Since there are just so many other things to do to keep the operation running, growers will often only carry out checks after a costly system failure arises. 

Nonetheless, you can avoid problems by inspecting the HVAC system at least once every month. Performing a visual inspection involves simply checking all the components of your HVAC to see if there are any possible signs that something is wrong. For example, rust, leaks, and disconnected pipes may signal the need for further investigation and action. 

Filter replacement

Air filters are made to be replaced regularly. 

They capture dust, making them a good home for mold to thrive. Moreover, dirt and dust make them susceptible to clogging. As such, you have to inspect filters monthly and determine a feasible replacement frequency. Depending on the filters’ dirt load, you can expect to replace them every one to six months.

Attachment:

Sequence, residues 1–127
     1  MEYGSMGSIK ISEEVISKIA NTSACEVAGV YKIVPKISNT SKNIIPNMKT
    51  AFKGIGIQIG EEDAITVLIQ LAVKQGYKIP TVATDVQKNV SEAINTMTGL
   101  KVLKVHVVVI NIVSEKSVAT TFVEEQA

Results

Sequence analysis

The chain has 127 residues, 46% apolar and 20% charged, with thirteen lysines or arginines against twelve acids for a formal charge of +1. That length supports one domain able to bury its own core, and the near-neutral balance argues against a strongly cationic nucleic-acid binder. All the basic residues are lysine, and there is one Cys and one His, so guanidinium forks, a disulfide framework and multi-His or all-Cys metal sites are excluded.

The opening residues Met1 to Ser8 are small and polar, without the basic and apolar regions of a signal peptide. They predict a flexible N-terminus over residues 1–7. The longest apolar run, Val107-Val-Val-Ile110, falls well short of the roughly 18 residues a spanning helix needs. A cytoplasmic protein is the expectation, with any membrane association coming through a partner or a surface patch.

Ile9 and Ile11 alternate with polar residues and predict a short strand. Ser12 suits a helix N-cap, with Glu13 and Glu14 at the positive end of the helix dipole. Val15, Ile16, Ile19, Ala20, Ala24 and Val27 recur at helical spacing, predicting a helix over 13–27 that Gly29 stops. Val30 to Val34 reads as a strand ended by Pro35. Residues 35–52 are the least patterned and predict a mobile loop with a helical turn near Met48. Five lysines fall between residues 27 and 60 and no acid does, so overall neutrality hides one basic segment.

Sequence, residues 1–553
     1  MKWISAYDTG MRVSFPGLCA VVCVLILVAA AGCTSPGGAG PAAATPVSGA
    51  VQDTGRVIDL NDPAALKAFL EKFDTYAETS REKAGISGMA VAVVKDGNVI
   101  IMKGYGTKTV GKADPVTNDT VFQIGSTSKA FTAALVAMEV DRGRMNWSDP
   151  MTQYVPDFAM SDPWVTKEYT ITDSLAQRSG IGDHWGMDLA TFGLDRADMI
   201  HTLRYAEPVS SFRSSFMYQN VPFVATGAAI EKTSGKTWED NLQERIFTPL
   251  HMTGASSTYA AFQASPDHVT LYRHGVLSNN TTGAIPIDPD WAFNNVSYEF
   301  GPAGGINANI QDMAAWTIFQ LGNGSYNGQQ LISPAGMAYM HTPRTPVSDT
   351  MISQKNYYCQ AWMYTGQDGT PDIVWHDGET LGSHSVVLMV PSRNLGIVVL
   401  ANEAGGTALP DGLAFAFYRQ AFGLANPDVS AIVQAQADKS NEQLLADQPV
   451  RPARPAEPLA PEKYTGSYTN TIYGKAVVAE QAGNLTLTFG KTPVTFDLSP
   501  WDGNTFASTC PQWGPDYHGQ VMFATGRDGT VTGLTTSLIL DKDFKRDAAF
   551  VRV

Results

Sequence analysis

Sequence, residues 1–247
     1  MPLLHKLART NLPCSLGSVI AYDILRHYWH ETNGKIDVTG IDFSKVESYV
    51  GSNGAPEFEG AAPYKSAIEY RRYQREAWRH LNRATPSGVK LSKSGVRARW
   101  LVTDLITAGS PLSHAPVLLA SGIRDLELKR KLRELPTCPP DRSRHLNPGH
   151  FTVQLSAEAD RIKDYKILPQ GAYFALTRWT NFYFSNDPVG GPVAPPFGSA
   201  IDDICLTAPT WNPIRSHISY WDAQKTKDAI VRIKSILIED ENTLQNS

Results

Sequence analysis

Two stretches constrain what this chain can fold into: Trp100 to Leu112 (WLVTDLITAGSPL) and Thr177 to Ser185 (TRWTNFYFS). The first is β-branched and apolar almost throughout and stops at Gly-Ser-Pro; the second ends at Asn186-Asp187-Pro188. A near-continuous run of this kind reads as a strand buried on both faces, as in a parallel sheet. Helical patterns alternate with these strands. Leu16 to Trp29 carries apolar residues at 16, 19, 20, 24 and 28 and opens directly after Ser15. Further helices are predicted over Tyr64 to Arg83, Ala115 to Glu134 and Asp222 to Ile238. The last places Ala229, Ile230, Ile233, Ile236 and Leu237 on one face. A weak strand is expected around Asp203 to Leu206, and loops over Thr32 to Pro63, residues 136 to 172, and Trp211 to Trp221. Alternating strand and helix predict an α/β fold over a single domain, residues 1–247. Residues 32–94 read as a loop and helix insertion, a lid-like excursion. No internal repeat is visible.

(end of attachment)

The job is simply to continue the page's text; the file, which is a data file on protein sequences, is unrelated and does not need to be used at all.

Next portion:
Some top tips for filter maintenance:

  • Start with the best filter. The higher a filter’s MERV rating, the more efficient it is at removing small particles. You want to get a filter with a MERV rating of 11 or above.

Also, consider using high-efficiency pleated filters. Although they may cost a bit more, these filters have an electrostatic charge that grabs the smallest particles, even those that carry bacteria. 

Note: A good filter can improve indoor air quality. 

  • Opt for an HVAC system that has an easy-to-open panel to access the filters. You have to change filters regularly, so it’s important to have easy access to them. One way to ensure this is to get your commercial grow room HVAC design right. 

Refrigerant and drainage lines inspection

You must inspect the insulation on refrigerant lines leading into the grow room every month, and replace the insulation if it’s damaged or missing. 

Besides the refrigerant line insulation, you need to check and clean drainage lines as well. Heating and cooling equipment creates water vapor, which you must funnel out of the grow room efficiently to avoid structural damage. The vapor moves through drainage lines as condensate into an exterior collection tray before evaporating into the air naturally.